May 25 2013 Latest news:
Lee Power, Olympic Reporter, at the Olympic Stadium
Tuesday, August 7, 2012
Injury hampers triple jumper’s final bid
Phillips Idowu, the ‘invisible man’ of Great Britain athletics, showed up for work at the Olympic Stadium this morning.
But the Hackney native could not do the job he wanted and failed to qualify for the men’s triple jump final.
Idowu managed a leap of 16.47m with his first jump, but got a red flag in the second round as he looked for the automatic qualification mark of 17.10m.
Only two men reached that distance and a third and final effort of 16.53 left Idowu 10cm short of a place among the top 12 for Thursday’s final.
He said: “I was supposed to come here and qualify and I didn’t. That wasn’t me.
“It wasn’t a great competition. It’s my home Olympics and my fourth Olympics and it hasn’t gone to plan.
“My preparation went well, I’ve been training every day and working hard every day. My strength level was great, my speed was great and I’ve been able to jump in training.
“I thought I’d come out and put on a decent show, but it wasn’t able to happen. Now I have to regroup and prepare for the future. You haven’t seen the best of me yet.”
Idowu had not jumped competitively for two months, since landing awkwardly in wet conditions at a meeting in Eugene, Oregon.
The 33-year-old claimed he had no injury problems ahead of last month’s London Grand Prix at Crystal Palace, only to pull out 25 minutes before his competition was due to start, citing a ‘sore hip’.
Some media reports claimed he had a trapped nerve behind his knee and the British Olympic Association asked to see Idowu’s medical records, much to his anger.
UK Athletics head coach Charles van Commenee – whom Idowu has not spoken to since a fall-out over his usage of Twitter more than 18 months ago – showed little sympathy when Idowu stayed at home rather than attend a pre-Games training camp in Portugal, saying: “The team has not been as strong as this for a long time. And what do we do? We talk about the invisible man.”
But Idowu, who grew up just a few miles from the Olympic Park, finally turned up at the athletes village at the weekend and was bidding to complete a full set of titles after gold at Commonwealth, European and World Championships.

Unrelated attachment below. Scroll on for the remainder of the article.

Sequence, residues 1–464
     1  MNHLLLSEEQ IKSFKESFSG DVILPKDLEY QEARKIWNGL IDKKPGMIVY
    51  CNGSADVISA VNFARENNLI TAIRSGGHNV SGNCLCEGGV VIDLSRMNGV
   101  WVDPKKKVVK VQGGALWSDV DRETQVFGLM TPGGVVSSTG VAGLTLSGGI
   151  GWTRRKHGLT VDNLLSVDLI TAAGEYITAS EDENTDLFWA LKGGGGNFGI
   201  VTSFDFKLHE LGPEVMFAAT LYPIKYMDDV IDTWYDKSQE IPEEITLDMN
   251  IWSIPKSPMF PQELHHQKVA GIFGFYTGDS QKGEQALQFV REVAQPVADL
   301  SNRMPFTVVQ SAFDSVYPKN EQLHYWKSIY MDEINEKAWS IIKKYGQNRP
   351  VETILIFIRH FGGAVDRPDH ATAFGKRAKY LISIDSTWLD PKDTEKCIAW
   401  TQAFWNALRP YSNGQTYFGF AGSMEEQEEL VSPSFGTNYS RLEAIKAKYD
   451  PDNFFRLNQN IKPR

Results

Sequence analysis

A silver medallist at the Beijing Olympics four years ago, Idowu added: “I managed to get out and see my physio and get some treatment before the competition and went into today pain-free, which I was grateful about.
“My main goal was to be here pain-free and I thought, with the calibre of athlete I am and the big occasion, I would pull something out of the bag.
“I’ve struggled with nerve pain and haven’t been 100 per cent but I came here pain-free and should have been able to replicate what I’ve achieved in the past.
“In the past I could open up with 17.50, even off a shorter approach, even without competition, but it just didn’t happen.
“My physio did a great job getting me to the start line pain-free, but I knew I would be rusty. The lack of competition and lack of timing, I couldn’t put it all together.
“The conditions were a little difficult because of the wind and I knew that may have been a factor. I’ve been competing for 12 years and can’t remember a time when I’ve competed that badly.”
How Van Commenee views the failure of Idowu, a genuine medal contender when fit, to reach the final remains to be seen.
The athlete himself revealed he will probably need to go under the knife – at his own expense, he explained, as he does not receive any lottery funding – but wanted to thank the British fans for their support.
Idowu, who set his personal best of 17.81m only two years ago, added: “I’m guessing I will most likely need surgery at the end of this season. I’m going to call it a day for this season and wrap it up.
“It’s a problem with my right leg and I can’t say specifically what the surgery will be. I’ve been tagged all year as a medal favourite and now I don’t even get the chance.
“The crowd have been great and given so much support to all of the British athletes. I’m upset that I let them down.
“At the beginning of the Games I just wanted people to be positive about the Games. Before people were sceptical, I knew London would put on a good show.”
Idowu’s disappointment came hot on the heels of those suffered by 110m hurdler Andrew Pozzi, who pulled up early in his heat this morning, and javelin thrower Goldie Sayers, who broke down in tears after failing to record a distance due to an elbow injury.
Idowu added: “We had a great chance to show what our athletes can do. Jess (Ennis) did great, followed by Greg (Rutherford) and Mo (Farah) and hopefully the rest of the team will pick up medals.”
A keen basketball player during his youth, Idowu was introduced to triple jump by schoolteacher Humphrey Long during a PE lesson at Mile End Stadium.
Taught the hop, step, jump using the lanes of the athletics track Idowu showed a natural proficiency and, although not particularly interested in athletics, was persuaded to stick at the discipline.
“I’ve been lucky over the last four or five years that I’ve gone to every major championships and competed at my best, which is what you want to do, and I’ve always come away with at least a silver,” added Idowu.
“This year I am not at my best, but I hoped I would be able to go out there and compete.”
Speaking prior to the Games, Idowu had stressed how Olympic gold was the pinnacle of any athlete’s life. “No-one races around the playground saying ‘I’m going to win silver’,” he said.
But after seeing his hopes of a fairytale story on his own doorstep shattered, the enigmatic Idowu must now start out on the long road to Rio and hope he gets the chance to complete his full set of titles in four years time.